"After decades of disinformation from the right, Americans associate the word liberal with a series of negative stereotypes," says Conason, New York Observer editor at large and coauthor of The Hunting of the President. He believes that we need "an answer to conservative propaganda that holds the right accountable for its lies and hypocrisy" and wrote this book to help set the record straight. Conason identifies ten "Big Lies" about Democrats and liberals, such as the myth that the media are liberally biased; that liberaes, there unpatriotic, soft on crime, and fiscally irresponsible; and that liberals promote immorality and vice. Then he methodically presents evidence to the contrary while showing how conservatives/Republicans fail to measure up to the standards of moral and fiscal responsibility they claim to exemplify. He examines Republicans' handling of the federal budget and questionable deals, such as Iran-Contra during the Reagan administration, to challenge conservative claims of fiscal responsibility. By enumerating the sex scandals surrounding Republican politicians like Henry Hyde, Dan Burton, and Newt Gingrich, Conason demonstrates a hypocritical "do as we say, not as we do" conservative mindset. Extensive notes document the proofs and charges, and the writing is entertaining and engaging. Recommended for political science collections in public and academic libraries.-Jill Ortner, Univ. at Buffalo Libs. Copyright 2003 Reed Business Information.
Kirkus Reviews
New York Observer and Salon.com columnist Conason (co-author, The Hunting of the President, 2000) flushes the hypocrisy out of conservative rants and jibes at liberals. Would Americans ever take the bluster of the Rush Limbaughs and Ann Coulters seriously? No way: citizens of the Republic "believe in fairness, equality, opportunity and compassion; they reject social Darwinism and excessive privilege," writes Conason, who would like to bury once and for all "the buzz of conservative cant [that] creates an illusion of consensus." Here he takes on the most egregious examples of conservative demagoguery, playing their cards right back at them. Are conservatives more morally rectitudinous than their liberal colleagues? Ask Newt Gingrich, Helen Chenoweth, and the laughably hypocritical Coulter, who once remarked, "Let�s say I go out every night, I meet a guy and have sex with him. Good for me. I�m not married." Are conservatives great patriots and defenders of the land, while liberals and Democrats cower like curs and dodge the draft? Ask Daniel Inouye, John Kerry, and Max Cleland, and then ask George W. Bush, John Ashcroft, Tom DeLay, and Saxby Chambliss. Who defends the common man? Bush wraps his arms around the nine rescued Quecreek miners while he proposes to slash the Mine Safety and Health Administration budget. Who champions the free market? Not conservatives, avers Conason, with their taste for crony capitalism and "the ethos of privilege, power and entitlement." The author�s points are all well taken, though he regrettably apes without parody the kind of statistic-slinging that conservatives employ. A few real flinchers ("What conservatives really hate most is a fair fight, whichbrings out their inner wimp") don�t mar his best point: conservatism�s "steep descent from the standard of literacy and wit once set by William F. Buckley Jr." to the impoverished, squalid bleats of Dinesh D�Souza, Laura Ingraham, and Michael Savage. It�s not too difficult to make the more preposterous spoutings of the way-out right look ridiculous, but Conason has fun hitting his easy targets. Agents: Andrew Wylie, Jeff Posternak/Wylie Agency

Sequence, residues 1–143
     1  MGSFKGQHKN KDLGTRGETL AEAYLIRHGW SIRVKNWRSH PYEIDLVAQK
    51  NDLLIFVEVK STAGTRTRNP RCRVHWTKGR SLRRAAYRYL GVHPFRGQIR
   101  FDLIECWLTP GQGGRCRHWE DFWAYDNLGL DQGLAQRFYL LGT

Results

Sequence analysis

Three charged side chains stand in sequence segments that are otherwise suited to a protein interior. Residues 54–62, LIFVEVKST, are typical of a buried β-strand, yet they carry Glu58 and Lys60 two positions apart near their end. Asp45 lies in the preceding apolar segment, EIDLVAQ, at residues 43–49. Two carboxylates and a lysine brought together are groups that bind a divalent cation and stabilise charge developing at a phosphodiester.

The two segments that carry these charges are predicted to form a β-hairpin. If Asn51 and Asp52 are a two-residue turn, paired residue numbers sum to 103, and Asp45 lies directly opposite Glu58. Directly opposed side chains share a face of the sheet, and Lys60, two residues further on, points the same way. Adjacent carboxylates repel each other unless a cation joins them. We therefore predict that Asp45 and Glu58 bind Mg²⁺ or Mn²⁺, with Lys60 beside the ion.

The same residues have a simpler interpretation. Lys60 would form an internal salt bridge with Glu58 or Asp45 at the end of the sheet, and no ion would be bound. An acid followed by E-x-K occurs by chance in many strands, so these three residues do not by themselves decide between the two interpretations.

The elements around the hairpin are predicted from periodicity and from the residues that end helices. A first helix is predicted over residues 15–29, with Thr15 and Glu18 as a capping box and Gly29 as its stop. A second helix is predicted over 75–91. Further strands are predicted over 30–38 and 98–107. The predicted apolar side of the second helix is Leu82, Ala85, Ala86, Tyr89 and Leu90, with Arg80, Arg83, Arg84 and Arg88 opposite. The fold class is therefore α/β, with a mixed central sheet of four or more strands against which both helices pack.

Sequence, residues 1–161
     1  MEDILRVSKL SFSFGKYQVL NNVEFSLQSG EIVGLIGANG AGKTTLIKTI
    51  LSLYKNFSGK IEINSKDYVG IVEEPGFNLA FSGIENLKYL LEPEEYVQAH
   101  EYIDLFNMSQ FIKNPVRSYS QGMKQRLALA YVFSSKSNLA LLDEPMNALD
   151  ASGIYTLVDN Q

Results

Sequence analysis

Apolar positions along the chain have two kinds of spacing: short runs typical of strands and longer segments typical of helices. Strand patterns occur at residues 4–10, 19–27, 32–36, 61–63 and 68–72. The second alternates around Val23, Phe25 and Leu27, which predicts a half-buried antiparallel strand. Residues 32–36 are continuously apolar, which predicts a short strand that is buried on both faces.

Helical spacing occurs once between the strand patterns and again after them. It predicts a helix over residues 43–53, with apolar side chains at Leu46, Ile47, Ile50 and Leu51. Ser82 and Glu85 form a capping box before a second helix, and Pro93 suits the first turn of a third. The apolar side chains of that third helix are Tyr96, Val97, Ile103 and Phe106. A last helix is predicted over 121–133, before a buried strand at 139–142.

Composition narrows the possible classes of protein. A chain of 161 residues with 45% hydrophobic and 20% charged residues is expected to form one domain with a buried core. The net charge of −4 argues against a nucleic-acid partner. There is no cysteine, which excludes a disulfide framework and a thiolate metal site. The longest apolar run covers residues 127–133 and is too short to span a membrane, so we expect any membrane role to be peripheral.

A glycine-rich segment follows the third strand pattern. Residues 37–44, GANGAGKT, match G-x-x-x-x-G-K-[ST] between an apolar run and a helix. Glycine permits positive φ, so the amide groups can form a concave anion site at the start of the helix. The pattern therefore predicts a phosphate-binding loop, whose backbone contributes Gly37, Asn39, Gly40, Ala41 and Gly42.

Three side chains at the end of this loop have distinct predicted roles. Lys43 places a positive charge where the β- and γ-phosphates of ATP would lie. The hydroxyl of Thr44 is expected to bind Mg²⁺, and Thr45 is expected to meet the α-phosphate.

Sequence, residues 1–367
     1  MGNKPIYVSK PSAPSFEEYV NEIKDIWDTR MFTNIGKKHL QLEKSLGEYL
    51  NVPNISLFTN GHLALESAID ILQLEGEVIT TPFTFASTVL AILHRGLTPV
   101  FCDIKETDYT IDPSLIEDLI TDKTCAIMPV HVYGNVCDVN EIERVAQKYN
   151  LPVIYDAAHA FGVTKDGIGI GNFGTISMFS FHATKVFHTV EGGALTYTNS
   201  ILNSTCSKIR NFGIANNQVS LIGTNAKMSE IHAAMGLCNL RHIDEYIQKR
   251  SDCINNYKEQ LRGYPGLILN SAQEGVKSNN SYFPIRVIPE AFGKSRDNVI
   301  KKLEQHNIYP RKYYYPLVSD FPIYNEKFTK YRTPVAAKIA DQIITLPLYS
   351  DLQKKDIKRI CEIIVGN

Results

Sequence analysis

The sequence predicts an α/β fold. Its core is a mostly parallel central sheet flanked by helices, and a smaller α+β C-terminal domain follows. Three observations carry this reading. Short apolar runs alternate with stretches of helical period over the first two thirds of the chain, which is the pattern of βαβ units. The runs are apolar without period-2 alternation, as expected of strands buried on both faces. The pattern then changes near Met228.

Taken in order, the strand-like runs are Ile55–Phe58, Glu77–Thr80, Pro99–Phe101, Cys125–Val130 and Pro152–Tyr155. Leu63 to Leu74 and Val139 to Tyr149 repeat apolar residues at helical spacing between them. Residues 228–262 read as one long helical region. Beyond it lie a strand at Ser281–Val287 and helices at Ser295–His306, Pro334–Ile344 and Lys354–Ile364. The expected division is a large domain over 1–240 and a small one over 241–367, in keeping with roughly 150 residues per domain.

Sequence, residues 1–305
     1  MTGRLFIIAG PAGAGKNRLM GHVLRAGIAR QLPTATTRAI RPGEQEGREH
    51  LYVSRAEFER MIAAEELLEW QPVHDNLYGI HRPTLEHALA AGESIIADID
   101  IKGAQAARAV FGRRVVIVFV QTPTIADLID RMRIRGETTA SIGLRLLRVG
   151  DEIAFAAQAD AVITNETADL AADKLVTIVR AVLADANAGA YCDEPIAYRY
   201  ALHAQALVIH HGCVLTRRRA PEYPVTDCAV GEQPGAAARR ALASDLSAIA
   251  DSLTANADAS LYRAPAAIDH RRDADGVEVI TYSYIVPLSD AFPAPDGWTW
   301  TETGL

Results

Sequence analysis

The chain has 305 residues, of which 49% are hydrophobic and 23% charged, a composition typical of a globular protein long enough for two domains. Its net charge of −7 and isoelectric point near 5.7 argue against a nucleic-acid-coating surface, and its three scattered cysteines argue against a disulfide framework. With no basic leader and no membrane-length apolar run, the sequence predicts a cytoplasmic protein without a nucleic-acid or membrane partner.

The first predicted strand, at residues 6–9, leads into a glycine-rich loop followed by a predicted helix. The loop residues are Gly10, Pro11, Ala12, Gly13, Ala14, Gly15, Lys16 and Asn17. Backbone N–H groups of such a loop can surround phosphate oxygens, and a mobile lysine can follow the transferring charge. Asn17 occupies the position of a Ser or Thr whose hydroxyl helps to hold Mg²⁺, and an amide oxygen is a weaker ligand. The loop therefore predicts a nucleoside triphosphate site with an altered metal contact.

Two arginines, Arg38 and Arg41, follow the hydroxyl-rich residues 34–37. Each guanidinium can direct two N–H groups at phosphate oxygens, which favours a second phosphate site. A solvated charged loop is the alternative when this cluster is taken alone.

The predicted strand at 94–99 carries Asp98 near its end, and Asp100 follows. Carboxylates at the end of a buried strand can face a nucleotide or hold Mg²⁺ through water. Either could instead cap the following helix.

Booklist
"Big Lies...takes up where Eric Alterman's What Liberal Media? left off... More raw meat for the lions ...."
New York Times
"BIG LIES is must reading for anyone who wants to understand America today."

— Paul Krugman

The Boston Phoenix
"...a valuable...book about a president and a political movement that are eating away at the roots of our democracy."
The New York Times
"Factually arresting."

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Product Details

ISBN-13:
9780312315610
Publisher:
St. Martin's Press
Publication date:
06/15/2004
Edition description:
First Edition
Pages:
272
Product dimensions:
5.44(w) x 8.28(h) x 0.71(d)

Meet the Author

Joe Conason is the national correspondent for the New York Observer and writes a daily online journal for Salon. With Gene Lyons, he is the best-selling author of The Hunting of the President: The Ten-Year Campaign to Destroy Bill and Hillary Clinton. His writing and reporting have appeared in many publications, including Harper's, The Guardian, The Nation, and The New Republic. He also appears frequently as a commentator on television and radio.